Julie and Julia

Julie and Julia is more than just a movie about food. For this blogger it is a great inspiration and a wonderful comfort. Writing is hard, and writing everyday is an enormous undertaking for someone with a full time job. I barely have time to write copy for work let alone a proper post about something meaningful or interesting.

After watching the film, I realized it is up to me to change, to dedicate more time to the things I love, and less to the stressful things and people that make me miserable. What’s better than writing, food and film?

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I have seen Julie and Julia a couple of times, so I prepared by treating myself to a Portobello and spinach salad smothered in goats cheese – good food to celebrate a movie about great food.

The movie centers around three love stories: Julie Powell and her husband Eric, Julia Child (Meryl Streep) and her husband Paul (Stanley Tucci), and the main love story, Julie and her vision of Julia Child. While food serves as the main part of the story, it is love and support that moves the plot along. These two women had incredible support from their partners and this allowed them to follow their dreams, and continue, even through hardship.

Julia Child’s first cookbook “Mastering the Art of French Cooking” becomes Powell’s project. The goal: cook every recipe, over 500, in 365 days. The film did an incredible job of showing off the best, and worst, the book had to offer. And by worst I mean aspics, no food should be conformed into a gelatin mold, that saying, I have never tried an aspic but based on the images on Wikipedia, I’m good.

The executive chef on the movie was New York based food stylist, Colin Flynn and Susan Spungen was the culinary consultant. Flynn and Spungen used the original recipes, but took a few liberties in order to make the food fit for the big screen. According to Flynn, via his interview with Amanda Bensen of the Smithsonian, they used potatoes instead of lobster, for the sake of the actors, and choux pastry instead of the soufflé, so it wouldn’t fall on film.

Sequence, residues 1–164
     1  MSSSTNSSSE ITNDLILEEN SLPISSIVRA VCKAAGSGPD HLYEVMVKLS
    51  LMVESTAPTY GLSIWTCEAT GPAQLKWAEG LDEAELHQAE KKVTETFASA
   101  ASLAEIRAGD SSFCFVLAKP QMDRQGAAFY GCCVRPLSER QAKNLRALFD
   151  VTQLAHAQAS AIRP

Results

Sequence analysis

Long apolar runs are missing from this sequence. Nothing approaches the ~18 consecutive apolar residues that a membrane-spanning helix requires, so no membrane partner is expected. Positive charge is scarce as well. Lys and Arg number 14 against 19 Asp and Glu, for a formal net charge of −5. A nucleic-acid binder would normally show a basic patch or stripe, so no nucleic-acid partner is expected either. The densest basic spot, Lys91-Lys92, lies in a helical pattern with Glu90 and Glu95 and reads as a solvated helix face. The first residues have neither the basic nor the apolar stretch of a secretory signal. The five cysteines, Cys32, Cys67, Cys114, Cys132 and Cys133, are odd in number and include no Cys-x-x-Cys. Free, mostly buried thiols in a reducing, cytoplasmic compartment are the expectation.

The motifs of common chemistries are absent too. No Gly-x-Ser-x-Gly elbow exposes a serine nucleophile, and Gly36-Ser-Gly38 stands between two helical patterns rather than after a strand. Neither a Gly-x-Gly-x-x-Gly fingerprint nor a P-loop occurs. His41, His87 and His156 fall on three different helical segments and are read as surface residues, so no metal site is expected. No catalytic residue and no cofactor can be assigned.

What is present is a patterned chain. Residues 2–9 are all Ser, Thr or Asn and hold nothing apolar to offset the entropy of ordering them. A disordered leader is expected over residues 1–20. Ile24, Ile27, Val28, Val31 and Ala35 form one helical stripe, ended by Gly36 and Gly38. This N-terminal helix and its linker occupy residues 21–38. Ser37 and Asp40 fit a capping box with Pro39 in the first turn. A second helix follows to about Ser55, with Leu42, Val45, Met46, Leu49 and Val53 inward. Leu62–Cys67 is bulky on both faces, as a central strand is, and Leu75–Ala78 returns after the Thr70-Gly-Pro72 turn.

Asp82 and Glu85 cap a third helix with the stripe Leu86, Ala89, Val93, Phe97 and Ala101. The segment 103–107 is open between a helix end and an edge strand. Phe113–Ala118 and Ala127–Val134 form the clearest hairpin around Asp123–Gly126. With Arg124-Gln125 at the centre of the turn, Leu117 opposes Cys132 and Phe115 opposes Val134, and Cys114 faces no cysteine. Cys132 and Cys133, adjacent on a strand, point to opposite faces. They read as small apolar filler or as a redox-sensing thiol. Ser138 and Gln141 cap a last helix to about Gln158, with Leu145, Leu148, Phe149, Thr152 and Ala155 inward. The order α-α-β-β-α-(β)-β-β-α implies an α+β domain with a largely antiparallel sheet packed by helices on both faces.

The actors on the movie Amy Adams and Chris Messina ate bucket loads of food while filming. This may seem like a dream but as Messina said, in an interview with the Examiner, by the seventh or eighth bruschetta it wasn’t about the taste but keeping it in his stomach and not the floor beside him. Lucky for them, Flynn and Spungen had a Hollywood budget and were able to get high quality ingredients, and lots of fresh food, keeping the actors away from the hospital.

Kiri Tannenbaum, at Delish, has complied a list of all the foods sampled or cooked in the film, if you wanted to try for yourself. The Fillet of Sole, cooked in what looked like a pound of butter, may be my next meal.

Julie and Julia is the perfect movie for a dark and gloomy day as the performances are wonderful and the writing and directing (by Nora Ephron) is light-hearted. Some are taken by the beautiful food and others by the heart warming relationships, but Julie and Julia will always be, for me, a movie about writing. The ups and downs and constant evolution of a field that has been around for centuries.

Cook a nice meal, grab some friends and crowd around the television, or computer screen if you’re like me, and take the time to indulge all your senses while watching a great movie.

Bon appetite!


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Categories: Actor, Actress, Food, Movie, Writer


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